Trace the spark of Greek genius—from the Cycladic and Minoan civilizations to the classical era—that blossomed in the Aegean and left an indelible mark on our heritage. Our new Classic Land Journey features mainland Greece as well as the islands of Santorini and Crete.

Starting at: $6,392 Make a Reservation Ask Us A Question or Call 855-330-1542
 The Acropolis of Athens  The Parthenon on the Acropolis in Athens  Temple at Delphi  The view from the cliff-top on Santorini  View of church domes from cliff-top Fira on Santorini  The Palace of Knossos on the island of Crete. Credit: Gloria Baxevanis  Throne room in the Palace of Knossos  The Corinth Canal  The dramatic theater at Epidaurus  The Lion's Gate at Mycenae

Classical Greece

14 days from $6,392

Trace the spark of Greek genius—from the Cycladic and Minoan civilizations to the classical era—that blossomed in the Aegean and left an indelible mark on our heritage. Our new Classic Land Journey features mainland Greece as well as the islands of Santorini and Crete.

or Call 855-330-1542

Experts

Apr 23 - May 6, 2020 Departure; Oct 15 - 28, 2020 Departure
Veronica Kalas

Veronica Kalas

Veronica Kalas is an art historian and archaeologist with special expertise in the ancient through Byzantine periods. She has taught courses on such topics as ancient Rome, ancient to medieval art and architecture, and special topics in Byzantine art at the University of Michigan (Ann Arbor and Dearborn) and Wayne State University, as well as in Ankara. Veronica has also worked on archaeological excavations and architectural surveys in Greece, Turkey, and Tunisia. She earned her Ph.D. in art history and archeology from New York University'’s Institute of Fine Arts and her B.A. in Classical Archaeology from the University of Michigan, Ann Arbor. Her special area of expertise focuses on the architecture and society of Byzantine Cappadocia, a volcanic region located in central Turkey. She is also very interested in cross cultural and interdisciplinary approaches to the history of art and archaeology. Veronica has published many articles and papers, and is currently working on a book on Cappadocia. Her work has been supported by various grants and fellowships, including the American Research Institute in Turkey, the Program in Hellenic Studies at Princeton University, and Dumbarton Oaks Research Libraries and Collections in Washington, D.C. Veronica has enjoyed filming for the History Channel, lecturing to the public, and leading archeological study tours.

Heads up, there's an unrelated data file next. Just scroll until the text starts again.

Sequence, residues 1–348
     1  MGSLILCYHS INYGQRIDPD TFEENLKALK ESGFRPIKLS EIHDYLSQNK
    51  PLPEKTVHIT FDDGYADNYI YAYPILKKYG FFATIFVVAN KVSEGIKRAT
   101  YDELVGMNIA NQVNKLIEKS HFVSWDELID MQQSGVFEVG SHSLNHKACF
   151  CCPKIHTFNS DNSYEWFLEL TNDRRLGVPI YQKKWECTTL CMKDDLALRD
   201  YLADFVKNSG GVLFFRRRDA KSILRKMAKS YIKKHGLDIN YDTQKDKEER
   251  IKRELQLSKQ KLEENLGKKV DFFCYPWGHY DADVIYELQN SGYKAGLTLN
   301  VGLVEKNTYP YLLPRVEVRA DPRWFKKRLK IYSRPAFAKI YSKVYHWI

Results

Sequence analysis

May 14 - 27, 2020 Departure
Jodi Magness

Jodi Magness

Jodi Magness (JodiMagness.org) holds a senior endowed chair in the Department of Religious Studies at the University of North Carolina at Chapel Hill: the Kenan Distinguished Professor for Teaching Excellence in Early Judaism (since 2002).   She is an archaeologist and President of the Archaeological Institute of America. She has published 11 books, including Masada: From Jewish Revolt to Modern Myth (Princeton University Press, 2019), and dozens of articles. From 1992-2002, Professor Magness was Associate/Assistant Professor of Classical and Near Eastern Archaeology in the Departments of Classics and Art History at Tufts University, Medford, MA. Professor Magness received her B.A. in Archaeology and History from the Hebrew University of Jerusalem (1977), and her Ph.D. in Classical Archaeology from the University of Pennsylvania (1989). Professor Magness specializes in the archaeology of ancient Palestine (modern Israel, Jordan, and the Palestinian territories) in the Roman, Byzantine, and early Islamic periods. Her research interests include Jerusalem, Qumran and the Dead Sea Scrolls, ancient synagogues, Masada, the Roman army in the East, ancient pottery, and ancient Diaspora Judaism. Since 2011, Professor Magness’ excavations at Huqoq in Israel’s Galilee have been bringing to light the remains of a Late Roman synagogue decorated with stunning mosaic floors (http://huqoq.web.unc.edu/).

Sep 17 - 30, 2020 Departure
Bob Stieglitz

Bob Stieglitz

Robert R. Stieglitz, professor emeritus at Rutgers University, is an archaeologist of Biblical and Mediterranean Studies, with a research focus on cultural diffusion via Greek and Phoenician seafaring. He received his B.A. in Classics/Linguistics from the City College of New York, and his M.A. and Ph.D. in Mediterranean Studies from Brandeis University. Professor Stieglitz has taught at universities in Greece and Israel, has excavated for many years at several harbor sites therein. He was formerly curator of the National Maritime Museum, Haifa, and the author of over 125 articles on assorted Mediterranean Studies, and the recipient of numerous awards. His book Tel Tanninim: Excavations at Krokodeilon Polis 1996-1999 was published in 2006.

Professor Stieglitz has taught undergraduate courses on Greek and Roman history, biblical archaeology, the Bible as literature, law in the Ancient Near East, Jewish civilization, and graduate seminars on Bronze Age seafaring. He has presented papers in numerous international meetings, and lectured on numerous expeditions for Archeological Tours (1990-2016) of mainland Greece, Crete and Thera, Cyprus, Malta, Sardinia, Corsica, and western Turkey. Beginning in 2012, Stieglitz has lectured on Smithsonian Journeys in western and eastern Turkey and on cruises in the Mediterranean.